The United States Office of Inspector General (OIG) released a report in March 2014 summarizing 25 key findings and recommendations pertaining to health care facilities throughout the nation. The report, titled “Compendium of Priority Recommendations,” includes several findings related to long-term nursing home care facilities. For instance, the study pointed out that Medicare paid approximately $5.1 billion to nursing homes that failed to meet minimum quality-of-care standards, which regulate such items such as how nursing homes should provide basic wound care and manage patients’ medications and therapies. To address this issue, the OIG recommends that nursing homes improve care planning for residents. Care plans are developed by a team of physicians, nurses, social workers and therapists for each resident to ensure a patient’s needs are adequately addressed. Failure to develop such plans, or failure to follow care plans can actually harm residents. The OIG study found that 37 percent of nursing home residents either didn’t have a care plan, or had a care plan that was not effectively implemented.
In addition, the OIG determined that many nursing homes failed to provide adequate discharge plans for residents. Approximately one in three residents who left a facility didn’t have an appropriate discharge plan in place. Discharge plans often contain detailed and specific instructions for caregivers on how to treat the patient once he or she has left a nursing facility. When caregivers don’t have such instructions, they make errors in care, such as improperly administering medication. Such mistakes can lead to costly, yet preventable, hospitalizations.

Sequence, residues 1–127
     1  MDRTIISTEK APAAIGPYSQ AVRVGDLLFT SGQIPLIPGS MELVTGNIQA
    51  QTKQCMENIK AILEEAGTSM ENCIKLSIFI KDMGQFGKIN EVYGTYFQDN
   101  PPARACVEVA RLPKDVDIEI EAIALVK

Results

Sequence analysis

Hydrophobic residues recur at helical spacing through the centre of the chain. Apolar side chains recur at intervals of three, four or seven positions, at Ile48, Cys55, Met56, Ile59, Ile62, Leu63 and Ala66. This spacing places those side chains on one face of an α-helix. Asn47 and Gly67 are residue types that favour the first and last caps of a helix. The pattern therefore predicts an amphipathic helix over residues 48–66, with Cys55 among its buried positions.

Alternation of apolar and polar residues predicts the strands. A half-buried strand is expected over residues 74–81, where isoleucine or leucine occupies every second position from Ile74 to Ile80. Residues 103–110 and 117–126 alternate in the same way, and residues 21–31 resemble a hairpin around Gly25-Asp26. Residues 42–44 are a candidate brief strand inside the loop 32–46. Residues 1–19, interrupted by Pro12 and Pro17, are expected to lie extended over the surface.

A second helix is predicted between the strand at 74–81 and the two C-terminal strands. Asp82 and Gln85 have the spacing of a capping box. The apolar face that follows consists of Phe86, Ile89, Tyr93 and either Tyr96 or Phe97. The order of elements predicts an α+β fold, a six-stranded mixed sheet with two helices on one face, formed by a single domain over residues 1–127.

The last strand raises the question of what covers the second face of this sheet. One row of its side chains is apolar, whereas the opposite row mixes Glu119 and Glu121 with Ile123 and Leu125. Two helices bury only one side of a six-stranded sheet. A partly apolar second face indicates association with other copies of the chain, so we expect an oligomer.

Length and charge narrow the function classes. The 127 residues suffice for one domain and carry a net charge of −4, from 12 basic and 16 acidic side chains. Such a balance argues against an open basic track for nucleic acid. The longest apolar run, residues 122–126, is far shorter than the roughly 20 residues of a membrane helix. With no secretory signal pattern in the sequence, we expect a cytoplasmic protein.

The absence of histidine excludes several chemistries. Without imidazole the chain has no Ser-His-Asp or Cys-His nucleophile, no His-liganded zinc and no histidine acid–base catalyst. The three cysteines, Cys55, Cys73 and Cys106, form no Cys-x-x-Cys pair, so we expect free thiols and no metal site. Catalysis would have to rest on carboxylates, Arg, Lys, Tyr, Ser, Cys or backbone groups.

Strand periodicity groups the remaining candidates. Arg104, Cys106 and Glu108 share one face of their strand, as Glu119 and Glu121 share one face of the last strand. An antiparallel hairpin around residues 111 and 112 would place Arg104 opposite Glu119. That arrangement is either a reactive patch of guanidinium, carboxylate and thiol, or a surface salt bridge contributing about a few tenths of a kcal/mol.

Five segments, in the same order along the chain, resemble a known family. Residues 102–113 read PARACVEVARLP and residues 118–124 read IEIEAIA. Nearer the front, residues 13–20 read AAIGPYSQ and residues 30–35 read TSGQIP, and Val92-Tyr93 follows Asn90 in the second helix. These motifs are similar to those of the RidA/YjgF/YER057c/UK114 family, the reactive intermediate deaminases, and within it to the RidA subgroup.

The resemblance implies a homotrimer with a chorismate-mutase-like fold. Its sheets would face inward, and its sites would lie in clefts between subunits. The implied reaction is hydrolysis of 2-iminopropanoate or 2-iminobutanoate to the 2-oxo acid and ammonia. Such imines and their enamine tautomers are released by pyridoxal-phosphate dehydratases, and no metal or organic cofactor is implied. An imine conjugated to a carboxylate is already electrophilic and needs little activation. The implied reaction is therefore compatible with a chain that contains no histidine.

Another key finding pointed out that one in three residents experienced some type of harm while staying at a nursing home. The finding also determined that 59 percent of harmful or adverse events were caused by poor care and could have been prevented. Such adverse events sometimes lead to hospitalizations. To address this issue, the OIG recommends that health inspectors identify causes of such harmful events and come up with ways to prevent them in the future.
The OIG report also uncovered large scale Medicaid fraud by nursing homes. In 2009, Medicaid made $1 billion in inappropriate payments to nursing facilities. In most cases, Medicaid made payments for services that were never provided. In other instances, Medicaid paid for services that were not medically necessary. In addition, Medicaid overpayments were sometimes the result of “upcoding”, a fraudulent billing practice in which a nursing home bills for a higher level of service than what was actually provided. To address this fraud and abuse, the OIG recommends that governmental agencies conduct more extensive audits and reviews of claims submitted by nursing homes to Medicaid.